This presentation will focus on part of my research findings on verbal art among the Dagara people of West Africa. It is a study of proverbs in context. The study identifies similes, metaphors, allusions, and other symbols of speech as characteristics of Dagara proverbs. It also demonstrates the importance of context in the determination of the meaning of proverbs, and concludes that Dagara proverbs are didactic in nature and that they are used to control human behavior.
Faces convey a substantial amount of information about their owners including emotional state, gender, and age. Perception of age plays an important role in how we interact socially with others. Although face processing continues to be intensely researched, the factors involved in the perception of age have been largely ignored. Any theory of face recognition is incomplete without an understanding of age perception since age is an important facial characteristic. This study seeks to understand how people’s age and gender influence their age judgment of an unknown face. Age estimation accuracy was also assessed for two different exposure times in order to determine how much viewing time is needed to best estimate age. College age participants viewed male and female faces and estimated how old each face was. All participants also categorized the faces as “young” or “old” based on their individual criteria. In general, participants were more accurate for their own age group and less accurate for older faces.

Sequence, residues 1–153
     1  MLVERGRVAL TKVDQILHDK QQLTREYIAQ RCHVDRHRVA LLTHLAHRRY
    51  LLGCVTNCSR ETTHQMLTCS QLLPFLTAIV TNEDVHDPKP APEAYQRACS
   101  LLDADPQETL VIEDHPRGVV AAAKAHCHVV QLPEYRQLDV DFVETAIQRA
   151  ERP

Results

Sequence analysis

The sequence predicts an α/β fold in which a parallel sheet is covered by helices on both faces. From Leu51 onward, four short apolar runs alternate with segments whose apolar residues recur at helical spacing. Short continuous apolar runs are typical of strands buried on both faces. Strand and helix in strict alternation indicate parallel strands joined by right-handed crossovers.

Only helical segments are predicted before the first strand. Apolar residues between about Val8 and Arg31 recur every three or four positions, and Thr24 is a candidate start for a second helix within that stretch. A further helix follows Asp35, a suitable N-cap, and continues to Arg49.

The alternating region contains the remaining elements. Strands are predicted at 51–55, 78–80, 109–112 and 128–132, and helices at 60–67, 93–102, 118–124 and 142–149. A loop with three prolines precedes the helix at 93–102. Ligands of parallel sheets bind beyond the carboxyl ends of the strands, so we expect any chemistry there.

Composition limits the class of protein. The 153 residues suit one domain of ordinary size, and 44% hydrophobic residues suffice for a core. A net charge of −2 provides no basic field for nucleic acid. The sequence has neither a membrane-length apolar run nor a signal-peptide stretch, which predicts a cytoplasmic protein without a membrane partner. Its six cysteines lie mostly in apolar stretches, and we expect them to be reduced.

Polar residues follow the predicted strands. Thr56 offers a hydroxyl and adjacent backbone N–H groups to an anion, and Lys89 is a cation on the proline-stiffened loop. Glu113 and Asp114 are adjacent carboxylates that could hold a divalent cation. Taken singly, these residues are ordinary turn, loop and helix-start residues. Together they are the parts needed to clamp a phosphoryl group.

In recent decades, American medical practice has moved in two radically, and seemingly contradictory, directions. First, it has come to rely on increasingly sophisticated computer technology that replicates and replaces not only the anatomical structure, but also physiological reactions of the human body. Surgeons can polish their dexterity on video-game like programs for procedures such as endoscopy and colonoscopy. Life-size, computer-driven mannequins, named “Simantha™” and “Stan” (short for “standard patient”), talk, breathe, move, and mimic physiological changes so that health care workers can practice their skills and experience new situations without the risk of harming a real person. Second, medical schools and hospitals have integrated the humanities into their education and training. Several programs now boast of curricula in the medical humanities, where students are required to take courses in literature or art. Physicians and nurses participate in writing groups that allow them to express their experiences in poetry or drama. Other programs have adopted what Dr. Rita Charon terms the “parallel chart,” a way of recording the patient’s life history along with the more typical vital signs. This Shop Talk will consider the relationship (sympathetic and contradictory) between the patient, once flesh-and-blood and now wires-and-pixels, and the increasing role the humanities is playing in medical practice.